Which is awesome. So: that lengthy introduction aside, these are a few of the things I’ve had to look up that I want to write down so that I can remember them for the future.

Vim & pbcopy on OS X

pbcopy and pbpaste are the bees’ knees: they’re commands that use OS X’s system clipboard (“paste board” is the OS X name, I guess) via terminal.

Adding this mapping to your .vimrc will let you use ctrl-x and ctrl-c to cut/copy the current visual selection to OS X’s pasteboard.

vmap <C-x> :!pbcopy<CR>
vmap <C-c> :w !pbcopy<CR><CR>

Via drydevelopment.com.

Change the Colorscheme

This one’s super dumb, but when I was trying to find a decent colorscheme for Vim (I’m using desert), I kept closing Vim, editing my .vimrc, and reopening Vim. LIKE A CHUMP.

:colorscheme desert

Using the Leader

I’ve been pretty resistant to customizing Vim. I don’t like reassigning default functionality till I’m really sure I understand it. What if I break a feature I haven’t discovered yet because of today’s shortsightedness?

But Vim has a leader key, the entire role of which is to give you a whole bunch of blank namespace to create custom commands. The default is \, but Steve Losh (the dude who wrote the article I just linked to) argues (to me persuasively) that , (the comma) is easier to reach and not used for anything else. Nice: the freedom to make useful custom stuff without worrying about messing things up for myself later on.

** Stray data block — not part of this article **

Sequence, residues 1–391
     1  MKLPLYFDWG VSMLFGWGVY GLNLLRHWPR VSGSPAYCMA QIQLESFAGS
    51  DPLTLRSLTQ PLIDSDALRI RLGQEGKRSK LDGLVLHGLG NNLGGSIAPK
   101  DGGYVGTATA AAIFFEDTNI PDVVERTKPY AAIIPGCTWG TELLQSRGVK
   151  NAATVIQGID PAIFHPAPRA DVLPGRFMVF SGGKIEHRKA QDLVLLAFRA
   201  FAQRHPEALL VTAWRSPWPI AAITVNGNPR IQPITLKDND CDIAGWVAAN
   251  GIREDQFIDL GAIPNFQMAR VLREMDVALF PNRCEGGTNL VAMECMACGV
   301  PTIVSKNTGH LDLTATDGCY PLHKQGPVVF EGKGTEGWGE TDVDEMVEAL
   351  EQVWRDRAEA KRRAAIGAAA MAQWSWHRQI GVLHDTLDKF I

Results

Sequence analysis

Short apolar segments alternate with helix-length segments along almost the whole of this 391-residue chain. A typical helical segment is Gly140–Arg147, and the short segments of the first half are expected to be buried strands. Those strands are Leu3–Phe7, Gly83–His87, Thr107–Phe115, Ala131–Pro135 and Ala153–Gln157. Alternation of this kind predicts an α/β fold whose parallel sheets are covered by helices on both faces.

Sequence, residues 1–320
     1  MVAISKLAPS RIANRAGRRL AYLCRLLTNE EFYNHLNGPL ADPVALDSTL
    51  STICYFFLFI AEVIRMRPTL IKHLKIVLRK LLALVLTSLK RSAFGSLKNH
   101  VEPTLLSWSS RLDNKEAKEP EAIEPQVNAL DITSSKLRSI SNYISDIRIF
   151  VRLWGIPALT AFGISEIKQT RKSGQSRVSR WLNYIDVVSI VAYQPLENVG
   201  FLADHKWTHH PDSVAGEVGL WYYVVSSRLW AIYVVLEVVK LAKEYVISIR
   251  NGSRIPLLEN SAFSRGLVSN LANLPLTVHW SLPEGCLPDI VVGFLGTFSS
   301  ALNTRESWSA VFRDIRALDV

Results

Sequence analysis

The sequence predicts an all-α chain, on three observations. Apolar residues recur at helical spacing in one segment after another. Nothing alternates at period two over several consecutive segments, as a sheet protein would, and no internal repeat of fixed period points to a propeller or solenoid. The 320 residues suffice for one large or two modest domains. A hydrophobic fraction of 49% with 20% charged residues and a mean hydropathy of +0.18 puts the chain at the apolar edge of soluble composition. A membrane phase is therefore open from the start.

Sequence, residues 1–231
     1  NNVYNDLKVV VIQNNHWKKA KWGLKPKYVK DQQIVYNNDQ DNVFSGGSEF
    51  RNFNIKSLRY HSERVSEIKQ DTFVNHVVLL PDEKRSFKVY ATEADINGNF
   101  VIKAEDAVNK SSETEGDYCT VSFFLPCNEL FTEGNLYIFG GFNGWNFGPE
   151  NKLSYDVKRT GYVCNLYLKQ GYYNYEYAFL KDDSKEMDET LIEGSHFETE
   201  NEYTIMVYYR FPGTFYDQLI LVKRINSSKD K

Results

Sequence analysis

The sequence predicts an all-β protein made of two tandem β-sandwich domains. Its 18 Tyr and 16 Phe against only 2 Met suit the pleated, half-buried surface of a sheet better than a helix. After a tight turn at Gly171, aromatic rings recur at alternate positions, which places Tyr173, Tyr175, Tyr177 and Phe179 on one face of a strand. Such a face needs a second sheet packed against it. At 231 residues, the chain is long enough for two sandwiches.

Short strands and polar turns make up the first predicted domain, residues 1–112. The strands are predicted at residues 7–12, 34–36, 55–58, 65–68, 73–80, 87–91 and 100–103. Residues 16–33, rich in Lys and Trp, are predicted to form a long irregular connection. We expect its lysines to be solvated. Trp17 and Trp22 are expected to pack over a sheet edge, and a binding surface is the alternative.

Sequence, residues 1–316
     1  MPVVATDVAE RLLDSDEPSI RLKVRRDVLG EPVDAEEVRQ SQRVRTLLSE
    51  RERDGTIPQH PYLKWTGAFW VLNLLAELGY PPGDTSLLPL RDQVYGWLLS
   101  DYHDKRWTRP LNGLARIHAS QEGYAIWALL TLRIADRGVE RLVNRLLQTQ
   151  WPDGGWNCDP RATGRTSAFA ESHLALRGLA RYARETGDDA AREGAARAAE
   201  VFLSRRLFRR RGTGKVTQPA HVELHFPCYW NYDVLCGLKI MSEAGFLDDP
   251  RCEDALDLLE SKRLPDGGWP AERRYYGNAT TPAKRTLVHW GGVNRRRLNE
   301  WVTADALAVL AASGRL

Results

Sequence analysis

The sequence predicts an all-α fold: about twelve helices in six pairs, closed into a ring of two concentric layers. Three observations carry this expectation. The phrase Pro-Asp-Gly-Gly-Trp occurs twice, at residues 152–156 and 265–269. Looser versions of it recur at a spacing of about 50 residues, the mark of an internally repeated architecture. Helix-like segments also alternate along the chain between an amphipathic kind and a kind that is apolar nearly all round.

And, actually, that whole article is worth reading. He explains his whole .vimrc file in the most detail I’ve encountered. Well, maybe I should say that he explains it with the fewest assumptions about existing knowledge on the part of his reader. Which I appreciate.

jsBeautify

jsBeautify will clean up messy, inconsistently formatted JavaScript file with a single command. Awesome, but I need to figure out how much work would be involved in modifying it to follow the jQuery style guidelines.

Remove Unwanted Whitespace

It’s simple to remove unwanted whitespace:

Delete all trailing whitespace (at the end of each line) with:

:%s/\s\+$//

More rarely, a user might want to delete whitespace at the beginning of each line:

:%s/^\s\+

Comment Out a Range of Lines